We are at the point at which we need to make big decisions on how the insurance industry works. One of the questions is whether the Central Bank can play two roles. Can it be the watchdog and the protector of the insurance industry? By making it the guardian of the database, the Bill, once again, pushes more responsibilities onto the Central Bank. We have concerns about whether it is stretched in terms of its resources. Simply turning to it to deal with all of these issues may be unrealistic owing to its capacity limitations. More importantly, there is a major question about whether it is the best body to deal with these duties. Fundamentally, can it be the institution to carry out the mandate to ensure stability in the sector and the institution to ensure the protection of consumers? That is one of the questions before us. ISME and the Alliance for Insurance Reform have both called for the Central Bank not to be put in charge of the database. I understand why that call has been made and that question will be before us for careful consideration.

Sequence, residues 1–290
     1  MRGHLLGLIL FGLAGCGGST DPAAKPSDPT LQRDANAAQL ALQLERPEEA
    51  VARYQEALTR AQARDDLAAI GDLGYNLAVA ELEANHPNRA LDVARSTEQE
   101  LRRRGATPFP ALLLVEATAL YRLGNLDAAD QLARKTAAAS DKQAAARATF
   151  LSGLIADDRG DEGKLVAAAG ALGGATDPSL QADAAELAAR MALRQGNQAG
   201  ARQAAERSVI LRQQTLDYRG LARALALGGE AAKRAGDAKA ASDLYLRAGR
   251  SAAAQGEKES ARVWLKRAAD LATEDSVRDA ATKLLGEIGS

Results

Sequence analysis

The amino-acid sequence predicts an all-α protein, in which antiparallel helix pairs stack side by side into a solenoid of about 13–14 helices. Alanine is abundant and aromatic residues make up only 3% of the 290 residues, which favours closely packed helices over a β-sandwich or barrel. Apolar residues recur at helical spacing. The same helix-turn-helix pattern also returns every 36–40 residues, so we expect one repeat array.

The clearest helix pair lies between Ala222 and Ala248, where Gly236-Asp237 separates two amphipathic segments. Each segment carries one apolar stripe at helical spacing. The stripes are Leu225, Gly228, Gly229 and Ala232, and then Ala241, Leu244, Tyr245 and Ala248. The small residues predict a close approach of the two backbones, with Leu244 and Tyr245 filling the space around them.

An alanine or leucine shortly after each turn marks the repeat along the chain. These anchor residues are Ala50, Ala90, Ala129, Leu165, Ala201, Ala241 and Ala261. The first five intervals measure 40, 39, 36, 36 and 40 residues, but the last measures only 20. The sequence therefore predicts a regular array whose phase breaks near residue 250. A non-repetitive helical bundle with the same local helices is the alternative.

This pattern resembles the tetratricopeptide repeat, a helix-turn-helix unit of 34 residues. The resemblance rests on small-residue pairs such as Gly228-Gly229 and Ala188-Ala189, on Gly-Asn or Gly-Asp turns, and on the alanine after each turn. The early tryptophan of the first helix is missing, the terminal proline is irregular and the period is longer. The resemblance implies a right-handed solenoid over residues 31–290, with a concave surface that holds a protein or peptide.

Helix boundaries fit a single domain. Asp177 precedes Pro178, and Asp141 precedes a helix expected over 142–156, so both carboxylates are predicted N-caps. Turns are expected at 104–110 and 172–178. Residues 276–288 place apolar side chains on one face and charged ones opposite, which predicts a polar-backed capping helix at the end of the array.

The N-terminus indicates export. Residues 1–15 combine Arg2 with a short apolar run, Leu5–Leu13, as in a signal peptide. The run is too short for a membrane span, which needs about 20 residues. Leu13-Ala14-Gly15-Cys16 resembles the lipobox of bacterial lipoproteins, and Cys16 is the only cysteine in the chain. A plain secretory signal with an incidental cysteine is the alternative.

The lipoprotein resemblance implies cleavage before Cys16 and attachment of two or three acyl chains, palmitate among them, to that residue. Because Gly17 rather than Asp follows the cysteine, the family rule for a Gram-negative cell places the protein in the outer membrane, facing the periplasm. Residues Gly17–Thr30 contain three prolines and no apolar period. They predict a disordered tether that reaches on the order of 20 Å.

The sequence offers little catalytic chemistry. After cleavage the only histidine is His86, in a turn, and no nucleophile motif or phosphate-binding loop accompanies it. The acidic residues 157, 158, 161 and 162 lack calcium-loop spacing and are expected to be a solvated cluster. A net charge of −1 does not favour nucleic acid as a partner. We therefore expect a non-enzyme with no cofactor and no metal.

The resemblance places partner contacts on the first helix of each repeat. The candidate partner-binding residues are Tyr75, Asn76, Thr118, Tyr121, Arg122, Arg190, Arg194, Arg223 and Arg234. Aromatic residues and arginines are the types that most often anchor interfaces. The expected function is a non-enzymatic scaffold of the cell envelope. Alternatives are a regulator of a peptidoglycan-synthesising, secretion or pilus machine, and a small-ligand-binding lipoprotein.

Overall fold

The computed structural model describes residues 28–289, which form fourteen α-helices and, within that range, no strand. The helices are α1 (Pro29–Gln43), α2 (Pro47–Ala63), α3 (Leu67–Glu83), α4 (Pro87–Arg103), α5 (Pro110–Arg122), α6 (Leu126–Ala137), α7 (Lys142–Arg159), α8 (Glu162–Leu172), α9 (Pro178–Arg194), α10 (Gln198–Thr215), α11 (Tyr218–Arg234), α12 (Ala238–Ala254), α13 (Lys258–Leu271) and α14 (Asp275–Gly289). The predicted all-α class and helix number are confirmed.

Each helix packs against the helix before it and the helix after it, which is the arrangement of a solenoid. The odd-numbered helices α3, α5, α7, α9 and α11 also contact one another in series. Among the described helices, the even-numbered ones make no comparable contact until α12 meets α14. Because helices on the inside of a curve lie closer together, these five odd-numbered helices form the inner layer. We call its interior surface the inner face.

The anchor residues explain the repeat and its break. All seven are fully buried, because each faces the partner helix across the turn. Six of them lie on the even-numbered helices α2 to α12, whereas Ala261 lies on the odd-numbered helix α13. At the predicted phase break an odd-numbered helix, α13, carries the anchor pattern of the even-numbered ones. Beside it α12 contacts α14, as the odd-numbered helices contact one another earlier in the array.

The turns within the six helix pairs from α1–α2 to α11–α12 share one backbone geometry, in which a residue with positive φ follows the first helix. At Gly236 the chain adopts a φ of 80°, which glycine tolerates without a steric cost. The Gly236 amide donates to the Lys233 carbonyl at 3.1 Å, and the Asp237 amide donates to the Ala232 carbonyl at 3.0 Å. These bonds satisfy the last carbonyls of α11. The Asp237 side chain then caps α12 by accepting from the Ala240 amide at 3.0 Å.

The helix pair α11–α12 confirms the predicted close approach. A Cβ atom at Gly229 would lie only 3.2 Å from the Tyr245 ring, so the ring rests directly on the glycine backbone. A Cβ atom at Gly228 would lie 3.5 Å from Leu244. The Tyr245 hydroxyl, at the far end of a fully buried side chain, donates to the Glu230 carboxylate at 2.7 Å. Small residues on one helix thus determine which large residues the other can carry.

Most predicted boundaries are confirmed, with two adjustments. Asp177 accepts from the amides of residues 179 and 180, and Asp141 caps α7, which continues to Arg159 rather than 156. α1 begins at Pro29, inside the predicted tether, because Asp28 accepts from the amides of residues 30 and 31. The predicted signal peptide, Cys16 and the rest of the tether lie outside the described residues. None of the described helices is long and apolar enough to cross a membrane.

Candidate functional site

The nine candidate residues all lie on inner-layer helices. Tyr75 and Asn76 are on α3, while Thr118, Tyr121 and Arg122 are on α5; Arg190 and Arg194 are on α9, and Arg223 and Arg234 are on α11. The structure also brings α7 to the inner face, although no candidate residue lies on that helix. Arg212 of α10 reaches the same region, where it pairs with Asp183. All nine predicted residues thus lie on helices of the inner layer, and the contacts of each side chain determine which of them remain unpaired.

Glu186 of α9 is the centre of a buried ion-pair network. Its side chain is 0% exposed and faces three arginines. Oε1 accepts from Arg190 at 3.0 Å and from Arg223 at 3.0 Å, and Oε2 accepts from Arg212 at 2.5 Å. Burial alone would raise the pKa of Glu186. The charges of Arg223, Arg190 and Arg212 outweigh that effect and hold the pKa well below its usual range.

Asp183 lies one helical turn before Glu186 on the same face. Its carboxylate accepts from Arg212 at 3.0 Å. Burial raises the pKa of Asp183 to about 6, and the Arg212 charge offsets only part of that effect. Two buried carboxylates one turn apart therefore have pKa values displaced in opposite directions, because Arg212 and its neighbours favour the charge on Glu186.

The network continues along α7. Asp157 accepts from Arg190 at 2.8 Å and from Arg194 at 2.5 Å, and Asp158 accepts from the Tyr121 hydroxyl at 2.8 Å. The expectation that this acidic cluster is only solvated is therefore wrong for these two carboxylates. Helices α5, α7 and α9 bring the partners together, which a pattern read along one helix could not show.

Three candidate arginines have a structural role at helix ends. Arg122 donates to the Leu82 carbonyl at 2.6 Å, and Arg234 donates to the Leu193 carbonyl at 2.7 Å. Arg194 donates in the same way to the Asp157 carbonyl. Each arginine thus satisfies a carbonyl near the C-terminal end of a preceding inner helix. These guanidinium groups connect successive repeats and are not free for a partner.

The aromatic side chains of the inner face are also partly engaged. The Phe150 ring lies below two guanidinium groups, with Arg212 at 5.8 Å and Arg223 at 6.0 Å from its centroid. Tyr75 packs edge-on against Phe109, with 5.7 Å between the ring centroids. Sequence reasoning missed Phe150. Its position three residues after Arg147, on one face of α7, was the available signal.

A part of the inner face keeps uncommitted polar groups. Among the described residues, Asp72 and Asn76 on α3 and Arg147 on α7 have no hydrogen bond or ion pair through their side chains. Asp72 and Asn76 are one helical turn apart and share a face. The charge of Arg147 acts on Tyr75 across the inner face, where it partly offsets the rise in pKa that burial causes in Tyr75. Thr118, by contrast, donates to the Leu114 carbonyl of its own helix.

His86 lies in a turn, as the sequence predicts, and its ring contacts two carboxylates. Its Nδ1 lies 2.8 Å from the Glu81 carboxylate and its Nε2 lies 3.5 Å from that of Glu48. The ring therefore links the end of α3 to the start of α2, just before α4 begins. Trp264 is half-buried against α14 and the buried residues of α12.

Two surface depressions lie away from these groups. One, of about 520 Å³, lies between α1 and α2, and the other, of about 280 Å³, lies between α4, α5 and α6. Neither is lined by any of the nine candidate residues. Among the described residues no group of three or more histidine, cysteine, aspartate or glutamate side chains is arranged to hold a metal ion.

This is not the first time the issue of whether the Central Bank, or any central bank, can do consumer protection alongside other roles has been raised by my party. There are a range of other bodies, including the Personal Injuries Assessment Board, PIAB; the Competition and Consumer Protection Commission, CCPC; and the Central Statistics Office, CSO, that could hold these data. There may be technical reasons the Central Bank has been given this role, but any technical skill could be transferred to one of the other bodies. Obviously, we are not going to hold up the Bill on Second Stage because of this issue, but I am pretty sure it will be central to the discussion on Committee Stage.